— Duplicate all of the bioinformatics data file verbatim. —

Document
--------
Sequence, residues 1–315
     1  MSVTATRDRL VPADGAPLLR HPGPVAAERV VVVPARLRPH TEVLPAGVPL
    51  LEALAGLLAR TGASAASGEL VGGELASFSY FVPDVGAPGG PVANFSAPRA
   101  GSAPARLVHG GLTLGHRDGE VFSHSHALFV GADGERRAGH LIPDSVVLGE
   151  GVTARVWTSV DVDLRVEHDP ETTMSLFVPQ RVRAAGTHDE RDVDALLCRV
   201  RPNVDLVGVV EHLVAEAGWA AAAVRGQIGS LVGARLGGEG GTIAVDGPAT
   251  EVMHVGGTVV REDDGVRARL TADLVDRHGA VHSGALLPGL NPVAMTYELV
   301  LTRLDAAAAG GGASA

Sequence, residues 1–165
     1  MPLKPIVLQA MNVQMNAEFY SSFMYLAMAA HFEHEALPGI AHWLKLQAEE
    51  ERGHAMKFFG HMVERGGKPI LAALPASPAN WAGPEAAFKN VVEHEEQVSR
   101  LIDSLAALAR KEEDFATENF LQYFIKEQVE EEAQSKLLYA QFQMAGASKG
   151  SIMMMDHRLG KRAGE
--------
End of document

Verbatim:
Sequence, residues 1–315
     1  MSVTATRDRL VPADGAPLLR HPGPVAAERV VVVPARLRPH TEVLPAGVPL
    51  LEALAGLLAR TGASAASGEL VGGELASFSY FVPDVGAPGG PVANFSAPRA
   101  GSAPARLVHG GLTLGHRDGE VFSHSHALFV GADGERRAGH LIPDSVVLGE
   151  GVTARVWTSV DVDLRVEHDP ETTMSLFVPQ RVRAAGTHDE RDVDALLCRV
   201  RPNVDLVGVV EHLVAEAGWA AAAVRGQIGS LVGARLGGEG GTIAVDGPAT
   251  EVMHVGGTVV REDDGVRARL TADLVDRHGA VHSGALLPGL NPVAMTYELV
   301  LTRLDAAAAG GGASA

Sequence, residues 1–165
     1  MPLKPIVLQA MNVQMNAEFY SSFMYLAMAA HFEHEALPGI AHWLKLQAEE
    51  ERGHAMKFFG HMVERGGKPI LAALPASPAN WAGPEAAFKN VVEHEEQVSR
   101  LIDSLAALAR KEEDFATENF LQYFIKEQVE EEAQSKLLYA QFQMAGASKG
   151  SIMMMDHRLG KRAGE